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WHAT IS IT?

Hepatitis C is a liver infection caused by the Hepatitis C virus (HCV). Hepatitis C is a blood-borne virus. Today, most people become infected with the Hepatitis C virus by sharing needles or other equipment to inject drugs. For some people, hepatitis C is a short-term illness but for 70%–85% of people who become infected with Hepatitis C, it becomes a long-term, chronic infection. Chronic Hepatitis C is a serious disease than can result in long-term health problems, even death. The majority of infected persons might not be aware of their infection because they are not clinically ill.

WHAT ARE THE SYMPTOMS?

Approximately 70%–80% of people with acute Hepatitis C do not have any symptoms. Some people, however, can have mild to severe symptoms soon after being infected, including:

  • Fever
  • Fatigue
  • Loss of appetite
  • Abdominal Pain
  • Dark Urine
  • Vomiting
  • Joint Pain
  • Jaundice
  • Clay-Colored Bowel

If symptoms occur, the average time is 6–7 weeks after exposure, but this can range from 2 weeks to 6 months.

HOW CAN I PREVENT CONTRACTING THIS DISEASE?

Currently there is no vaccination for Hepatitis C. Hepatitis C is spread via contact with an infected person’s blood. Methods to prevent Hepatitis C infection are:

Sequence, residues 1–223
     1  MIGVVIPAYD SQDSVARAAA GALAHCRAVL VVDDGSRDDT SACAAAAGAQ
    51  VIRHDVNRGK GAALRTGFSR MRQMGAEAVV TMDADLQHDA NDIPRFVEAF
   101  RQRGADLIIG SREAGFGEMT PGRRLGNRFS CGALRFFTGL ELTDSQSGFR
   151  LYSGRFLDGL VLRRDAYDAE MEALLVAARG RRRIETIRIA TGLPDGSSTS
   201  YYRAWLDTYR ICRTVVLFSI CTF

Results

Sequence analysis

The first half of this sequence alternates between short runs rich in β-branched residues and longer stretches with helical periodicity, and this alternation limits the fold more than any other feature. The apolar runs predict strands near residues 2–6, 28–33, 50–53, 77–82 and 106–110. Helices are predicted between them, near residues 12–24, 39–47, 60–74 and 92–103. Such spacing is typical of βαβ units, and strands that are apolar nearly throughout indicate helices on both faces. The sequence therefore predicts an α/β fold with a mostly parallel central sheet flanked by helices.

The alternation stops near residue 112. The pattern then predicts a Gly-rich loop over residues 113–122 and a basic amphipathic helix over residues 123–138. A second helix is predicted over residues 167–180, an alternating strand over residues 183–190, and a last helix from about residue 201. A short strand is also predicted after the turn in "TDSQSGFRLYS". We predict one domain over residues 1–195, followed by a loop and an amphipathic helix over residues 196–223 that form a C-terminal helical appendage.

• Practicing safe sex using protection
  • Avoid sharing needles or syringes
  • Avoid sharing personal items like razors and toothbrushes.
  • Do not get tattoos or piercings at unlicensed facilities
  • Wearing gloves and using a bleach solution to clean any blood spills
  • CDC recommends that HCV-positive mothers with nipples and/or surrounding areola that are cracked and bleeding, should stop nursing temporarily until they are fully healed.

It is possible to cure a person of Hepatitis C with current treatments. A complete list of approved treatments can be found at the Food and Drug Administration website. A person who has been infected with Hepatitis C can seek further treatment with a gastroenterologist, hepatologist, or other specialists who can create a treatment plan specific to a person’s genotype of Hepatitis C.

FOR MORE INFORMATION:

HEP C poster
Hepatitis C Patient Assistance Programs

http://www.cdc.gov/hepatitis/hcv/index.htm
http://dph.georgia.gov/hepatitis-c

For more information about immunizations, visit our Immunizations page.

For more information about travel health vaccines, visit our Travel Clinic page.

References:
Centers for Disease Control and Prevention (CDC).  Accessed 6/2016
Georgia Department of Public Health (DPH).  Accessed 6/2016